‘Indie-Dance’. What a horrible concept that’s often turned out to be, redolent of clod-hopping landfill bands bringing in a second hand synth and making like A Flock Of Seagulls. Look upon Shitdisco’s works and despair. However, if anyone knows the actual meeting point between alternative guitar music and proper floor filling it should be the people behind the Kitsune Maison series of compilations, given the label’s succes rate and the way that the first ten gradually became a heatseeking byword for tastemaking in the blog-dance-pop sphere. Kitsune Maison 10, for instance, featured Two Door Cinema Club, Clock Opera, Is Tropical, Teeth, May68 and Yelle as well as Alexis Taylor of Hot Chip collaborating with Kompakt mainstay Justus Köhncke. Fashionistas turn this way, essentially, not unsurprising given the organisation’s origins.
So the idea of hitching a ride on the “indie” side of things – those quotation marks are highly advisable given the way the genre title has been pushed about and prodded over the last twenty years or so – is a fairly specious one and sets the quality control haywire. What it also means is many an appearance for the modern hell of the 80s synth sound, the belief among far too many that finding a keyboard that sounds like something from an early Depeche Mode hit automatically makes its progenitor cool. The sad thing is, it often does. That’s how we get Alexander Dexter Jones, referred to by the label as “the son of Mick Jones” in the hope we won’t look it up and find it’s to Mick Jones of Foreigner (thus making him half-brother of Mark Ronson), who sounds very much like Howard Jones.
In fact, if you want fantasy soundalikes who aren’t as good as either of their parts you’re in clover. Polarsets, from Newcastle, sound exactly like Cut Copy working with Two Door Cinema Club; Housse De Racket take on merging indie and dance by opening with a riff cribbed from the Strokes before turning into Phoenix. More directly in terms of poor juxtaposition, Icona Pop’s single handed re-establishment of the glory of Swedish pop, debuted to the wider world on Kitsuné Maison 10, doesn’t benefit from Logo sticking a house piano line under their floaty effortlessness.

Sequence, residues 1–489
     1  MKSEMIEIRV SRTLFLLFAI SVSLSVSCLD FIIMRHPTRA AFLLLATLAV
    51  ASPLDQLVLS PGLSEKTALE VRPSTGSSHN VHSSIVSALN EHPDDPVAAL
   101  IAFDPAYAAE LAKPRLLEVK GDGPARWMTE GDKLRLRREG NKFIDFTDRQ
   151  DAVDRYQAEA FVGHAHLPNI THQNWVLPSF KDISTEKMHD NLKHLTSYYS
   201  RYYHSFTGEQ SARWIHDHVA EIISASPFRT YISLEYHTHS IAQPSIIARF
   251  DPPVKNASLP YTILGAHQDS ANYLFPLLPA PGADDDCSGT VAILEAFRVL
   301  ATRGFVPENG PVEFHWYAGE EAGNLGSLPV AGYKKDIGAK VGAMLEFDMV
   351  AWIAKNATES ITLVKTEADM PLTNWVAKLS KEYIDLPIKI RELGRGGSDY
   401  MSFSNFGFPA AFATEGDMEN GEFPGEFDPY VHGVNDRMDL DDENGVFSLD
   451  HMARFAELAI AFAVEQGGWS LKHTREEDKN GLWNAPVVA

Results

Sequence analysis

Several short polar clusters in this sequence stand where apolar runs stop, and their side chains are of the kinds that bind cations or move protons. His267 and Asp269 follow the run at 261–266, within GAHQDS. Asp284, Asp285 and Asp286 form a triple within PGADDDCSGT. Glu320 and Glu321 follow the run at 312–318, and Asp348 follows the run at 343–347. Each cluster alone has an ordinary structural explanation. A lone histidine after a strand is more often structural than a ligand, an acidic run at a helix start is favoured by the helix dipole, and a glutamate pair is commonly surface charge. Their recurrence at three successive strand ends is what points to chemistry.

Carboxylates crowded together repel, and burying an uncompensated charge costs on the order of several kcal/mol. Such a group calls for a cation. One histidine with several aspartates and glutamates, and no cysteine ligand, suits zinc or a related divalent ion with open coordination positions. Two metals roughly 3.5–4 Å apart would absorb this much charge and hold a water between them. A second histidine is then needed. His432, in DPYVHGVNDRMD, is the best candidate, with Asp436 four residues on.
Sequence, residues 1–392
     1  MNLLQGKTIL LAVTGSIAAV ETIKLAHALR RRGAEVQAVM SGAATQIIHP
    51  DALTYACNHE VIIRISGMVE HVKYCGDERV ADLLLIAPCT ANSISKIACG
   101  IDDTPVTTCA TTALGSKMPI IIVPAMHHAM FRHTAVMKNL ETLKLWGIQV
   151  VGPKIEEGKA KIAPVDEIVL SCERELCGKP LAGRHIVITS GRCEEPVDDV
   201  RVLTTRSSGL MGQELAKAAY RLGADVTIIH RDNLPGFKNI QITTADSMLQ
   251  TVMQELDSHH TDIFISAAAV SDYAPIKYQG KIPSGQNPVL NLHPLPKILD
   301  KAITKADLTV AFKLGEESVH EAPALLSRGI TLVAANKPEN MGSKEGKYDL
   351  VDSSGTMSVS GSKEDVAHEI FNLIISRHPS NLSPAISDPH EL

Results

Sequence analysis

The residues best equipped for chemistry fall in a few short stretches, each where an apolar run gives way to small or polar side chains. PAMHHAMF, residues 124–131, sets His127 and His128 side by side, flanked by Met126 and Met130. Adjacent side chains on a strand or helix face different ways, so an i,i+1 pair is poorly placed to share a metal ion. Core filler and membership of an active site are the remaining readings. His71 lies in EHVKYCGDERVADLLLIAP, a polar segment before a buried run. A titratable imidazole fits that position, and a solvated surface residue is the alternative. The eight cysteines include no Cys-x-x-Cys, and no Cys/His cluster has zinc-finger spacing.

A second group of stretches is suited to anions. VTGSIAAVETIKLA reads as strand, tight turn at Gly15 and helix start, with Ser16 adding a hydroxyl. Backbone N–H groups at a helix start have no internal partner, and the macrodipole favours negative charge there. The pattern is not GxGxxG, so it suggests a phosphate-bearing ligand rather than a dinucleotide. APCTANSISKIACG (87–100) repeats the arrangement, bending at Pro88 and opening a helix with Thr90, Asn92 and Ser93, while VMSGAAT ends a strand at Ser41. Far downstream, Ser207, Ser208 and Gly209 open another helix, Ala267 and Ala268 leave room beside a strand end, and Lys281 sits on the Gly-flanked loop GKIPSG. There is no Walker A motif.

‘Scattershot’ means as many shots hit the target as miss, of course, though here too we find bands who work because they’re quite like other bands that coined a distinctive style. “Wrexham’s answer to Battles” sounds like a dismissive line in a cynical, drawn out routine about the toilet touring circuit but Gallops are such a thing, ‘Miami Spider’ drawing on similar layers of math-rock intersection and glitchy propulsiveness. Is Tropical pick up where Klaxons dropped off between albums on their disco/post-punk mind melding, ‘The Greeks’ cutting a radio-ready melody into bassy distorted synth-pop. ‘Twist’ by Peter & The Magician, a collaborative effort between electro house remixer Yuksek and Stephen now formerly of Aeroplane, sets microhouse loose on the Italo-disco dancefloor armed with a vocoder.
As if just to up the so-hot-right-now quotient, the compilation starts with a mysterious band, one without a name for that extra zing, although given they’re already signed to the label proper and working with Alex Kapranos we can assume there’s some known name pulling the strings. The singer definitely sounds familiar, the style very much so, built on tension and burbling synths but no less intriguing for that. The most straightforwardly guitar-centric moment here, Guards’ hipper than thou lo-fi – leader Richie Follin’s sister is the singer in Cults and members of MGMT and Chairlift help him out – sounds slightly too stoned to become the noisy garage swoon it wants to be, but there’s clearly something there that doesn’t appear in a lot of the hi-hat friendly, whatever-happened-to-the-Sunshine-Underground? acts around it. On this evidence ‘indie-dance’ as a Kitsune-driven concept is all over the place, apart from often enough in properly groundbreaking places.